Broil

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Photo by Basheer TomeCreative Commons License.

Broiling is when you cook a food with direct exposure to radiant heat. Typically the heat comes from overhead.

broil

Difficulty to learn: Medium

Some Thoughts For You:

Doesn’t cooking a food with direct exposure to heat sound like baking or grilling? While these cooking techniques are similar, broiling has its own distinct preparation method. Broiling works through direct heat hitting the top of the food. Your oven most likely has a broiler setting! Broiling is beneficial because it allows for the collection of the juices from meat or seafood to be collected in a “broiling pan” to be used later. Think of this method as an upside-down barbecue.

What You Will Need:

You are most likely broiling a food such as steak or salmon. The most common way to broil is to use a broiler pan, which has ridges and a place below to catch any juices. If you do not have such a pan, a regular pan will work fine (just flip your food halfway through cooking).

You will also need an oven with a broiler setting.

Basic Steps:

The steps below are for broiling a cut of meat such as steak. Broiling involves very hot temperatures, so use proper hand protection and keep your face away from the oven door when opening it. 

  1. Season your steak to taste and place it on your broiler pan (or basic pan). Turn your oven to the broil setting. Typically this will just be an on/off switch. You might have the option to set the heat to high or low. A high heat setting will cook the meat faster but might make it tougher. A low heat setting will take longer for the meat to fully broil, but it will be more tender. Follow your recipe’s advice.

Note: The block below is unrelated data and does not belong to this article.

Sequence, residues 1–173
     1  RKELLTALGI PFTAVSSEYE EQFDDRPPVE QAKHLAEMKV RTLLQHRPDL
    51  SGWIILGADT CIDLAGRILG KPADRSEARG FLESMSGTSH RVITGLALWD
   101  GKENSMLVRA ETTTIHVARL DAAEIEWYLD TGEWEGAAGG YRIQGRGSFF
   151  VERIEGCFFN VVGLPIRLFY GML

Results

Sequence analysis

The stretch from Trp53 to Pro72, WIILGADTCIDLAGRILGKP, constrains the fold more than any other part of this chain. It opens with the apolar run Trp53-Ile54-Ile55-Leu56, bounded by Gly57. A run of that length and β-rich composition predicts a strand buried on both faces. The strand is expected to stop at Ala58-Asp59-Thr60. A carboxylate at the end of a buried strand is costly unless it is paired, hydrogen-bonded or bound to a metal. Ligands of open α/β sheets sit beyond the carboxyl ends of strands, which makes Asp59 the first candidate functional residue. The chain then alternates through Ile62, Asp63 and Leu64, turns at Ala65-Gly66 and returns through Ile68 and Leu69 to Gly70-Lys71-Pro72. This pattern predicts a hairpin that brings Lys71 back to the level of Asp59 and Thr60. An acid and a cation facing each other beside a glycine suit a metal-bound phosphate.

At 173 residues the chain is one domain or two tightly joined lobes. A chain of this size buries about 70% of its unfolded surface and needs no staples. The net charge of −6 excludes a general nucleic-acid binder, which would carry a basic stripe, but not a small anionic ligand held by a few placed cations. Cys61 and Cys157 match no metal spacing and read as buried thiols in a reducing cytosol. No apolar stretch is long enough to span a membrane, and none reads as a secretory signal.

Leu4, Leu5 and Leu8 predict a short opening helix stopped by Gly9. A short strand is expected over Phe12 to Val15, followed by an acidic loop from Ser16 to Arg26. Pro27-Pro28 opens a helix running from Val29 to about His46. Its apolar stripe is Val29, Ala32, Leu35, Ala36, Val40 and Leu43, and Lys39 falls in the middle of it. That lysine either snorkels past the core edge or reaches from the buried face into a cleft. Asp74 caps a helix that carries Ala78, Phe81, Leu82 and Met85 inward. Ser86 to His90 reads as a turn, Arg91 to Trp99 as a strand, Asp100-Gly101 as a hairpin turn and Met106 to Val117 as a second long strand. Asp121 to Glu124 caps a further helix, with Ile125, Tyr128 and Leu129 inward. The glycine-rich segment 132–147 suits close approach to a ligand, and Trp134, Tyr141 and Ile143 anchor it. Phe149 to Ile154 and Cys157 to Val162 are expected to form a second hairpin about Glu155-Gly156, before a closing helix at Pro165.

2. Place the pan into the oven. Although you can keep the door closed, some recipes recommend leaving the door slightly open to avoid excess steam. Additionally, the oven might shut off if the temperature gets too high (which is common for a broil).
  3. A typical broil will take 5-10 minutes, after which your meat might quickly begin to develop an intense char. Monitor your meat’s broiling process every minute. If you have kept your door slightly open, watch the oven to keep any curious kids or pets away.
  4. After the cooking is completed, consider pouring the juices over the cut of meat, or save for later to use in another recipe.

Tips For You:

  • As mentioned above, if you are using a regular pan make sure to flip your food halfway through cooking to ensure a proper broil.

Some Links To Help With Preparation: